We laugh ev­ery day – it’s the glue that holds us to­gether...

HAV­ING RE­COV­ERED FROM A TER­RI­FY­ING HEALTH CRI­SIS, FOR­MER GOGGLEBOX STAR STEPH PARKER TELLS GABRIELLE FA­GAN ABOUT HER SON’S AUTISM AND HOW SHE COPES WITH THE DE­MANDS OF FAM­ILY LIFE

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STEPH PARKER can’t re­ally re­call be­ing “min­utes from death” af­ter de­vel­op­ing dou­ble pneu­mo­nia.

“I had started go­ing a bit mad be­cause I had no oxy­gen in my sys­tem,” says Steph, 52, who found fame with her hus­band Dom as Gogglebox’s en­ter­tain­ing, witty and boozy arm­chair crit­ics. “I didn’t re­alise how se­ri­ously ill I was be­cause when you are that sick, you don’t know what’s go­ing on at all.”

The cou­ple run a Kent B&B as well as jug­gling their ra­dio and TV com­mit­ments (they quit Gogglebox in late 2016) and have two chil­dren – daugh­ter, Honor, 15, and 18-year-old son Max, who has autism and se­vere epilepsy.

“Life’s very busy – I also help my sis­ter with our fa­ther, who has de­men­tia – and some­times I feel my feet never touch the ground,” adds Steph, whose health cri­sis hap­pened at Christ­mas. “I think with the fes­tiv­i­ties on top, I’d pushed my­self too far and it was just sheer ex­haus­tion that al­lowed in­fec­tion in.

“I’d had a bad cough and felt run down but I just got worse very quickly. Dom called an am­bu­lance on Box­ing Day. The paramedics told him that if I’d been left an­other 20 min­utes, I might have died.

“My lungs had given up and I was rushed to in­ten­sive care and pumped full of an­tibi­otics.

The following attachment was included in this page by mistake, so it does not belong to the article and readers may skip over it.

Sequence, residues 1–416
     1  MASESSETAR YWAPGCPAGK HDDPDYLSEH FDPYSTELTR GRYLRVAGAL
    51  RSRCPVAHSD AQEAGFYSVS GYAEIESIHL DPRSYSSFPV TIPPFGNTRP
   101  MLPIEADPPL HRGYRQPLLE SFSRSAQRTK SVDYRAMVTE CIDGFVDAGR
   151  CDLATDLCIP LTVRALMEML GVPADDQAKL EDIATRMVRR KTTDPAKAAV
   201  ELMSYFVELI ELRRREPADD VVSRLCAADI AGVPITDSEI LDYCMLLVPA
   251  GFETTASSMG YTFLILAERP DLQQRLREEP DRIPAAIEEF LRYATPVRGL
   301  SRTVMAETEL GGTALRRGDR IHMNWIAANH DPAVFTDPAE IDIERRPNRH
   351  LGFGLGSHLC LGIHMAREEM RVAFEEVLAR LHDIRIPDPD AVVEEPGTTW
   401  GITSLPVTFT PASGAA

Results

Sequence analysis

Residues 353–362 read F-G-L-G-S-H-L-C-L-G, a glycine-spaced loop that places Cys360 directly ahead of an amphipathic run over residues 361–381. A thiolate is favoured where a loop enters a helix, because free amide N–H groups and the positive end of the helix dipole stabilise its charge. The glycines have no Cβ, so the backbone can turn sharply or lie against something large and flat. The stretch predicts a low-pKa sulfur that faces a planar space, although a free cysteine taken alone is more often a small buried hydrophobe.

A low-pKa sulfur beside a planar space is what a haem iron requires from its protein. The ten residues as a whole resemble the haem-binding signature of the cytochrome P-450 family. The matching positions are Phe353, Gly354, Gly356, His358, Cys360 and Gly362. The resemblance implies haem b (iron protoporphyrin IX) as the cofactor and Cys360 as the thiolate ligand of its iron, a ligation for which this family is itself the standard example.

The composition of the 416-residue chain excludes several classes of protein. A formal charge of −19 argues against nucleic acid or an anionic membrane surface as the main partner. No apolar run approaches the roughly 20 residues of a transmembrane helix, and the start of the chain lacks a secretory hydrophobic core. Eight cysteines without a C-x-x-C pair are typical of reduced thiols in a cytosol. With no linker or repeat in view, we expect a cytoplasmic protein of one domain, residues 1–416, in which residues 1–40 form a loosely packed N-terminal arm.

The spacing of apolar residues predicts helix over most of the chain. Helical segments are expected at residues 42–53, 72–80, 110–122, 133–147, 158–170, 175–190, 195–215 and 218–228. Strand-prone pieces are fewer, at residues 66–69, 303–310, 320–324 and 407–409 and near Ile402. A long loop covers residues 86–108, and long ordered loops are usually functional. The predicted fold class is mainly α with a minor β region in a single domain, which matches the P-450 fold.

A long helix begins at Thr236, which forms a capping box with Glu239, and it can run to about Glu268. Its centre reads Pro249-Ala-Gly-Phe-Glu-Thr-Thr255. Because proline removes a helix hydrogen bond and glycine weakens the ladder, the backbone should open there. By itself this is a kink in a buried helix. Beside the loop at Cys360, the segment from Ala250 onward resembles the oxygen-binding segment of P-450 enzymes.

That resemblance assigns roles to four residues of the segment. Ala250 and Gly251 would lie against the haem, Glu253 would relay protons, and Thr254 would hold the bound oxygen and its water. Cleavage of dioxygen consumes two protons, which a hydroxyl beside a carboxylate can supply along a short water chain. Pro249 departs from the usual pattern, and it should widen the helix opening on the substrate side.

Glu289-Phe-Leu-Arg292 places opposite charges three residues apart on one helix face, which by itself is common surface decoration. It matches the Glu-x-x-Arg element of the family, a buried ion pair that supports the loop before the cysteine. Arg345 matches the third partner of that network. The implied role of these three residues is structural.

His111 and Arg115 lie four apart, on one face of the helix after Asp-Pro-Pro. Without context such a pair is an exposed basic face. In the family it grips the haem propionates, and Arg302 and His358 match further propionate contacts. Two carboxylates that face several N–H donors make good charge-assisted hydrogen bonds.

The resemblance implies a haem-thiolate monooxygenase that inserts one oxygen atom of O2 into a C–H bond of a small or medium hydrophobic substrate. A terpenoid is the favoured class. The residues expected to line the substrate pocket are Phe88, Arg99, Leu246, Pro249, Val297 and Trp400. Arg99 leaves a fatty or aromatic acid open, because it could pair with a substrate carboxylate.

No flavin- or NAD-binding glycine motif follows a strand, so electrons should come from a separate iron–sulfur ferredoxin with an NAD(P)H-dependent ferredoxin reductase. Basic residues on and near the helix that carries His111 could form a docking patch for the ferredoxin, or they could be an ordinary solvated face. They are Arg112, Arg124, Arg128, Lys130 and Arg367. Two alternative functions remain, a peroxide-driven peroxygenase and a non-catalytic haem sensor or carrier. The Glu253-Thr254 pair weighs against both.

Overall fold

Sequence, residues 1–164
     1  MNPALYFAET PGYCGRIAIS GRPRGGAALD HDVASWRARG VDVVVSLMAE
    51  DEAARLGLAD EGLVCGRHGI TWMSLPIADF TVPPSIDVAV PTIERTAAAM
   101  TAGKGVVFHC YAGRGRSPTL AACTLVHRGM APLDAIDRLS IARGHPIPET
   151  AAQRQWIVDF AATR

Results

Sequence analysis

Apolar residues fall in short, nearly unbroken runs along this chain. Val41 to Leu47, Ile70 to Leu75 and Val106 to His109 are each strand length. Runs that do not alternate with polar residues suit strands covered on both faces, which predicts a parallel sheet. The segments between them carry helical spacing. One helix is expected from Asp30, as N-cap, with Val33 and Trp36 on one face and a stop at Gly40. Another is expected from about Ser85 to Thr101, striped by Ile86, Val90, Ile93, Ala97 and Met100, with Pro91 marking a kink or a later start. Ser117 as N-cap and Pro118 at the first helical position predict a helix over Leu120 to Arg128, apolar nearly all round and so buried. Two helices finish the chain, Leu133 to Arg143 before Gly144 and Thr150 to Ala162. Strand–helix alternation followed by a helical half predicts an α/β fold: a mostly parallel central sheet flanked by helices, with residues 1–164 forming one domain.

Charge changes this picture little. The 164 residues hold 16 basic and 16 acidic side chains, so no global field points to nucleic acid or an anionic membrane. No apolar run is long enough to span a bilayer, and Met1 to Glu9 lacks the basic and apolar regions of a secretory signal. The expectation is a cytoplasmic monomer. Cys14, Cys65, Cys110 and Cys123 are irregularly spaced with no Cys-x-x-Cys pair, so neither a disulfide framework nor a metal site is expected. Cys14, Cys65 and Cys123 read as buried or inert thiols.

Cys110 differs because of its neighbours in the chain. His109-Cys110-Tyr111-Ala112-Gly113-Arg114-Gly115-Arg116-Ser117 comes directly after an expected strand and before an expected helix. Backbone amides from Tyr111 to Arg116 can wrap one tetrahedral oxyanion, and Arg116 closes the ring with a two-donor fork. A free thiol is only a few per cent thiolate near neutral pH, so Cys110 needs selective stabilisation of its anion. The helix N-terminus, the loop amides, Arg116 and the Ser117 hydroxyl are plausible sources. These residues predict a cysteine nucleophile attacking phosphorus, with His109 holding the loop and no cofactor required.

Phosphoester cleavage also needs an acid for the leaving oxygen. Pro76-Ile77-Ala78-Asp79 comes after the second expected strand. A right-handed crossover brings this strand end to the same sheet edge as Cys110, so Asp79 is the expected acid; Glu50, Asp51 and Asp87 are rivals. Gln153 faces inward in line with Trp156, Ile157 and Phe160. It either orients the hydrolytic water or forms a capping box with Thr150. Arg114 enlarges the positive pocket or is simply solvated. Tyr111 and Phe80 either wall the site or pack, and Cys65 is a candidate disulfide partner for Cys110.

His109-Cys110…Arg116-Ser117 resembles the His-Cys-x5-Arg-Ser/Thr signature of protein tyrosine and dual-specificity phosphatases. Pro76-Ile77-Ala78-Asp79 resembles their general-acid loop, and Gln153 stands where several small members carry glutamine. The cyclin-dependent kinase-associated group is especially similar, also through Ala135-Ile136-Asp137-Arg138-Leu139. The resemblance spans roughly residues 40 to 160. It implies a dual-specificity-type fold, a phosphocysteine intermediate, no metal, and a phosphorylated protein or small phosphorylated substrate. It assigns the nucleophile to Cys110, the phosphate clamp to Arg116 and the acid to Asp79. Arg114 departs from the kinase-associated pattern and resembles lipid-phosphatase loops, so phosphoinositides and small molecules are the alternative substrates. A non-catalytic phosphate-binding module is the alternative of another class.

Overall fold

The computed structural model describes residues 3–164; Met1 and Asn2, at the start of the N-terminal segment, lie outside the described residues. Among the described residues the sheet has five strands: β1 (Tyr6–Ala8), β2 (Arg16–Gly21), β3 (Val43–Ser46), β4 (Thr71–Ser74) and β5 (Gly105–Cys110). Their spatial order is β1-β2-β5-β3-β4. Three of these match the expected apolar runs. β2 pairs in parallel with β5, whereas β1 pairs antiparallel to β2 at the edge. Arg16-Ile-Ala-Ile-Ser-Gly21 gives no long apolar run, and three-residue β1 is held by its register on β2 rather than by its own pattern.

“I got an in­fec­tion in my heart so I was kept in a while longer, but thank­fully I got through it all.

“It’s taken months to get over it – not just the ill­ness but the shock.

“I still get tired quite eas­ily but apart from that, there’s no last­ing ef­fect,” ex­plains Steph, who along­side Dom, has teamed up with Boots UK to pro­mote its new on­line pre­scrip­tion ser­vice.

“I’ve been very good at look­ing af­ter ev­ery­body else but not paid much at­ten­tion to my own care.

“It was very close to go­ing dis­as­trously wrong, and I know now it’s im­por­tant,” she adds.

“If I break down then ev­ery­one else around me breaks. I have to take re­spon­si­bil­ity for my health for the sake of my­self and the fam­ily.”

She has height­ened aware­ness of this be­cause of Max’s needs.

Seizures since he was four have left him with a men­tal age of six, and they live in con­stant dread that Max will one day have a fa­tal seizure.

The cou­ple bravely re­vealed his con­di­tion ear­lier this year in a mov­ing Chan­nel 4 doc­u­men­tary, Steph & Dom: Can Cannabis Save Our Son? (avail­able on All4).

Some re­search has shown that med­i­cal mar­i­juana/CBD may ef­fec­tively con­trol cer­tain seizures, but there is con­tro­versy over al­low­ing the treat­ment in the UK.

Two months ago, Max joined an “early ac­cess” pro­gramme and is re­ceiv­ing treat­ment over 20 weeks.

Steph is emo­tional as she re­veals Max re­cently gave Dom a “huge hug, a proper hug”.

“That’s never hap­pened be­fore in 18 years be­cause Max doesn’t like to be touched. Dom was so shocked he nearly fell to the ground.

“I’ve never had a hug, never. All I’ll get is a head­butt in my chest, so to see him spon­ta­neously run up to daddy and put his arms around him was un­be­liev­able. It was amaz­ing and made both of us cry.

“Since he’s been on the treat­ment – we’re about half­way through – there’s def­i­nitely been an im­prove­ment in his men­tal aware­ness.”

They’ve also no­ticed im­prove­ment in Max’s com­mu­ni­ca­tion.